Sheng Wei

University of California, Los Angeles, Los Angeles, California, United States

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Publications (20)5.69 Total impact

  • 06/2014;
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    ABSTRACT: This paper addresses the energy attacks towards wireless systems, where energy is the most critical constraint to lifetime and reliability. We for the first time propose a hardware-based energy attack, namely energy hardware Trojans (HTs), which can be well hidden in the wireless systems and trigger ultra-high energy increases at runtime. Then, we develop a non-destructive HT detection approach to identify the energy attack by remotely sampling the power profiles of the system and characterizing the gate-level temperatures. Our evaluation results on ISCAS benchmarks indicate the effectiveness of the proposed energy attacks and defense techniques.
    Proceedings of the sixth ACM conference on Security and privacy in wireless and mobile networks; 04/2013
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    ABSTRACT: The impact of process variation (PV) in deep submicron CMOS technologies has raised major concerns for energy optimization efforts in FPGAs. We have developed a post-silicon leakage energy optimization scheme that raises the threshold voltage (by way of negative bias temperature instability (NBTI) aging) of the components that are either unused or not on the critical timing paths, thereby reducing the total leakage energy consumption. In order to obtain the input vectors for aging only the targeted transistors, we map the problem of minimizing leakage energy under timing constraints to an instance of the satisfiability (SAT) problem. We implemented low power designs targeting Xilinx Spartan6 FPGAs and analyzed the potential leakage power savings over a set of ITC99 and Opencores benchmarks. The analysis of the experimental results shows a substantial amount of potential leakage energy reduction with very small performance degradation.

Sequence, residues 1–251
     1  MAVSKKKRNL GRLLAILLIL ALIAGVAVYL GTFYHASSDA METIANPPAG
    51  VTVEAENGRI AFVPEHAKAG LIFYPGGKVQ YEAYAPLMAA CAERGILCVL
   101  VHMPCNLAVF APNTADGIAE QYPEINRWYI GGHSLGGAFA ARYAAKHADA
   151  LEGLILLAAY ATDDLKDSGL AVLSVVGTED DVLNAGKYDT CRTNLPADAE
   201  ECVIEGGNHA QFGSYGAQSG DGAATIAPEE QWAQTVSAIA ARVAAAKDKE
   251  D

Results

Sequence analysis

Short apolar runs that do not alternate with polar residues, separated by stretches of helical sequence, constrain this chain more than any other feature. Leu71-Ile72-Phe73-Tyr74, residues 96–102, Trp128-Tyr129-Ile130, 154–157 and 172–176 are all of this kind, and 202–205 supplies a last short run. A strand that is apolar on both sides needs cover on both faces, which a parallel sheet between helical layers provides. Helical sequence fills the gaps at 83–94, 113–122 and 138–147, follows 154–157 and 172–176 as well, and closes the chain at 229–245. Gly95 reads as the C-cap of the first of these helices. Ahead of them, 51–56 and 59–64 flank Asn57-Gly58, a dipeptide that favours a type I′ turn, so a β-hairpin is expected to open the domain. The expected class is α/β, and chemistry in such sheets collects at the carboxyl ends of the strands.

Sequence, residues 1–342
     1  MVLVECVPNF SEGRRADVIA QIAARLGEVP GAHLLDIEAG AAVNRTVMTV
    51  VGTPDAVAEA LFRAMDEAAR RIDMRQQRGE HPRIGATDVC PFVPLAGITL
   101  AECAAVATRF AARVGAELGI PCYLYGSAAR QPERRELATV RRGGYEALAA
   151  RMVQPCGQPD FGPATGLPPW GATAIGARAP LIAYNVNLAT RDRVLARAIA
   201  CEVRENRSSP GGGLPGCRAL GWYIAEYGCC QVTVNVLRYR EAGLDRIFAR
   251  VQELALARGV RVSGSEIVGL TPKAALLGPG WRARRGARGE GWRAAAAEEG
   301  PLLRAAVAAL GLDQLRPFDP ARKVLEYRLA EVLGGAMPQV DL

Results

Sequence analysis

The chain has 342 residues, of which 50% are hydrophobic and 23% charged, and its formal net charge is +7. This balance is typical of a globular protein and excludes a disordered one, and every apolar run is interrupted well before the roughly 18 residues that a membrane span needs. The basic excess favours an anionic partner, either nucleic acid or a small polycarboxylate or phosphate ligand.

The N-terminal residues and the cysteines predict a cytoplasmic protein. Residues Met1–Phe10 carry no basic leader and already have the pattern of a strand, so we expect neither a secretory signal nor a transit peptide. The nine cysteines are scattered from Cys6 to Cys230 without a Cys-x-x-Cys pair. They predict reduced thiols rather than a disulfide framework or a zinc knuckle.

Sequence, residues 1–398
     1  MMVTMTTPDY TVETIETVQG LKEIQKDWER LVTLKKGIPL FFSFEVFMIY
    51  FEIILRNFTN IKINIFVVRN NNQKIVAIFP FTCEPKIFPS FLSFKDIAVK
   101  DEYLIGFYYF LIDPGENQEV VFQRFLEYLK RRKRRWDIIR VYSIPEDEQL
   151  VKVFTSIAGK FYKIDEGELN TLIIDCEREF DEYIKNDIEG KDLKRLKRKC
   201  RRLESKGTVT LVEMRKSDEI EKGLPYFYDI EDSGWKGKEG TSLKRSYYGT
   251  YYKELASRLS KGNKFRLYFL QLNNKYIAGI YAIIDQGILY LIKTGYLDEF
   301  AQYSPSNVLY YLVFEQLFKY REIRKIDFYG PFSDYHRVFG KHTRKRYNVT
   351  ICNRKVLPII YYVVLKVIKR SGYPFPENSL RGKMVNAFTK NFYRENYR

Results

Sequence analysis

Proceedings of the ACM/SIGDA international symposium on Field programmable gate arrays; 02/2013